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Got into a fight with my dad has Hep C

My dad has Hep C but i think his non infectious is this possible? i got into a punch up with him and i think i punched his earing and i cut my self, i don't know what caused the cut on my knuckle. it was a small graze but it did bleed i don't think it was deep enough into my blood stream? and i looked at his earings the next day and i don't see any blood on them? am i at risk for Hep C ?
2 Responses
683231 tn?1467323017
In order to enter the blood stream you need an open wet bleeding wound. Hep c infected blood must enter the blood stream that is itvhas to get inside your body to cause infection.

Also hep c is infectious it is never non infectious. However hep c is not easily transmitted as I said it requires blood to blood contact.

Does your father know there are recently approved medicines that are now curing most with hep c? Treatment could be as sim
9 Comments
As simple as 1 pill a day for 12 weeks and he would be cured. One of the medicines is named Harvoni there are others also but you may have seen TV commercials for Harvoni
Just to add if he treated in the past and was cured with the old interferon treatments then he does not have hep c
so you can cure Hep C? but it will still be infectious ?
Yes hep c is curable. The old interferon treatments overall were about 30% effective but those people who successfully treated were cured. The new treatments are curing over 90% so if he treated before with interferon and failed like I did these new medicines can cure him.

If he is cured he has no virus to transmit so he cannot infect anyone with a virus he does not have.
He would still test positive for hep c antibodies for the rest of his life. But hep c antibodies are not the virus.

PAntibodies are made by your own body when it tried to fight hep c. Antibodies are you.

But as long as the test for the actual hep c virus the HCV RNA by PCR test has a result of not detected there is no virus and that person is not infected. They do not have hep c.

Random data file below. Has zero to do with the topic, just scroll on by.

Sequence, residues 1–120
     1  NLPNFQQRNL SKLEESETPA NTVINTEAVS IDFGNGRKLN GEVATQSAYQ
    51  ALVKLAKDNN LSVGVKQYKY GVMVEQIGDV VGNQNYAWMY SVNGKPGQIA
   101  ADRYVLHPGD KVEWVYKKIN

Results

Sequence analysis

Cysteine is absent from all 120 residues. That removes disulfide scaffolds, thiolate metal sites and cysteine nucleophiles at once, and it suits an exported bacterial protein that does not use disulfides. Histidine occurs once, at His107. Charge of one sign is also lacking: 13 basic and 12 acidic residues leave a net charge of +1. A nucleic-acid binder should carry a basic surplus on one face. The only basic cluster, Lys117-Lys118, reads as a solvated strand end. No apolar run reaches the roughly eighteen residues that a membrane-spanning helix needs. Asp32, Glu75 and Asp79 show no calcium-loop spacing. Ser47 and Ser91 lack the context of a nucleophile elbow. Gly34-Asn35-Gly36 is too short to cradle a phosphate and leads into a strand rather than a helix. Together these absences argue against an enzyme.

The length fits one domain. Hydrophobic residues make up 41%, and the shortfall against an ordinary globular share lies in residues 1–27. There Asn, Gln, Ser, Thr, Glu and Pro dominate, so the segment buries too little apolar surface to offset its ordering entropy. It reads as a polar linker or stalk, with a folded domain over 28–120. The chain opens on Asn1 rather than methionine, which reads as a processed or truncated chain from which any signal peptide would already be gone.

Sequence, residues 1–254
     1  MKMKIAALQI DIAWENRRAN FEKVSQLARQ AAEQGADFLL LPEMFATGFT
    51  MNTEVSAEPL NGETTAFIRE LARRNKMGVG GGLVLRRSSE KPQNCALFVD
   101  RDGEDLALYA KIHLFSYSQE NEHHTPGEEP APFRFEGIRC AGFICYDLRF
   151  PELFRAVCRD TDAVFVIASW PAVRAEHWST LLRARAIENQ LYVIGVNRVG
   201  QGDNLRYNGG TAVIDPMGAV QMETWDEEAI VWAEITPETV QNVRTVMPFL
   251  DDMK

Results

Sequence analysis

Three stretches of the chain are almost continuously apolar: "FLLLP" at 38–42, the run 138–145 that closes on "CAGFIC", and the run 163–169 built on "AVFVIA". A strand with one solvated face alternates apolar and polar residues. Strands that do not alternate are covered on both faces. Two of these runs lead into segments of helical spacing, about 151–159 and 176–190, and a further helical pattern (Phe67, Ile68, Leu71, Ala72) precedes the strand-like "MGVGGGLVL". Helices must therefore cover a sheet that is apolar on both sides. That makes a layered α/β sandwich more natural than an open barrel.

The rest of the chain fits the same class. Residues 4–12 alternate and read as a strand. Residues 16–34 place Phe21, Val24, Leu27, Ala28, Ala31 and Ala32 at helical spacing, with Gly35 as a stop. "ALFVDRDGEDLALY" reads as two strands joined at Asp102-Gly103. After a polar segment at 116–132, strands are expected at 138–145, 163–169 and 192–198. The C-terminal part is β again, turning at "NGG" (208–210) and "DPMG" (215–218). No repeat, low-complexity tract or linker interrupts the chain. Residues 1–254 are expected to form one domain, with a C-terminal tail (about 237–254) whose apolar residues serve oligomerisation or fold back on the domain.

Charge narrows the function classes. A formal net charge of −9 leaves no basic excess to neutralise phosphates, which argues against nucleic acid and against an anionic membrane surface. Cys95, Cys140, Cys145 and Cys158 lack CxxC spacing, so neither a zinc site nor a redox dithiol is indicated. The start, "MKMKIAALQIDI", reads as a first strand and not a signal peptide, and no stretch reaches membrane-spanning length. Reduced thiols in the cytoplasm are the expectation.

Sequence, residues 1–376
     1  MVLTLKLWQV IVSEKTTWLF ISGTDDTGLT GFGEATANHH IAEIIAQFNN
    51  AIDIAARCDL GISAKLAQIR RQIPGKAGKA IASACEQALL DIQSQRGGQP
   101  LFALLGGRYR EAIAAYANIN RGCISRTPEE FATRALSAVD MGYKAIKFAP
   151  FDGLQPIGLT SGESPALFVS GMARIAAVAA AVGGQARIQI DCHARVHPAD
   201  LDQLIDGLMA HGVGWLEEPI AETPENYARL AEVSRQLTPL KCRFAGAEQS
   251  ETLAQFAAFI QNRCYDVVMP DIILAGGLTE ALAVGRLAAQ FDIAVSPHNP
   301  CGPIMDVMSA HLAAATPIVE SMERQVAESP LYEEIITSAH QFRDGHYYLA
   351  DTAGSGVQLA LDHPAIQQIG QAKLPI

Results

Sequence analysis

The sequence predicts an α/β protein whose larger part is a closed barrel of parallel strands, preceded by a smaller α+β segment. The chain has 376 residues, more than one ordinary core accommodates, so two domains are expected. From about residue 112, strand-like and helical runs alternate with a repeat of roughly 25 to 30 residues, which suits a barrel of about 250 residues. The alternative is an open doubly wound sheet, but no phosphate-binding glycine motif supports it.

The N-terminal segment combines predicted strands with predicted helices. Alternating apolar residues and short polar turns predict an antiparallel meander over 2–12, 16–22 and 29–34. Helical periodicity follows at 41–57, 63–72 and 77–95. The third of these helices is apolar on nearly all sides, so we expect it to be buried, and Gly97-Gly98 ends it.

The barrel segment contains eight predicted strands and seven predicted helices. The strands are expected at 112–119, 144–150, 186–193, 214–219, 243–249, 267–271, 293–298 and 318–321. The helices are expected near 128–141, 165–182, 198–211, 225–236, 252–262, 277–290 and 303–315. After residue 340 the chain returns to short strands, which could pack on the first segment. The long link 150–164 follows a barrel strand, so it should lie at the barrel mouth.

Then that means im all good then?
If he treated and cured in the past he does not have hep c. If he has never treated of failed previous treatment then he should look into getting treated.

As far as your risk if he still has hep c it would require hep c infected blood to enter your blood stream through an open wet weeping wound.  

Even in the case of a healthcare professional who experienced an accidental needlestick involving a patient with known hepatitis C the risk of transmission is only about 1.8%.

If his blood did not enter your blood stream even if he is infected there is no risk.

I just passed the information about treatment along to you in case your dad was not previously cured and has a current hep c infection so he can look into getting treated and cured with the new medicines.
So when do i go for a blood test for conclusive results? its been 1 week now
Your risk is very, very, very, low did his blood enter your blood stream through an open wound? As I said before  even a healthcare worker that experience as an accidental needlestick involving a patient with known hepatitis C their risk is only 1.8% so your risk would be that much lower. This is of course assuming his blood, IF he is currently infected with hep c, entered your blood stream. If he is not infected or if his blood did not enter your blood stream there is zero risk.

Did he treat in the past and was cured?

If you want to test solely for your own price of mind you would need to wait a minimun of 12 weeks after this incident to allow antibodies to form. For those with a compromised immune system it can take up to 6 months for antibodies to develop. So to be 100% confident of results you may consider waiting up to 6 months to be entirely confident in your results.
18601474 tn?1466188088
Looks like our member flyinlynn gave you a great answer, but here is some additional information on what hep C is and how it's diagnosed that could help you understand your dad's status and when you might want to get tested.

http://www.medhelp.org/hepatitis-c/articles/What-Is-Hepatitis-C/2251

http://www.medhelp.org/hepatitis-c/articles/Diagnosing-Hepatitis-C/2273
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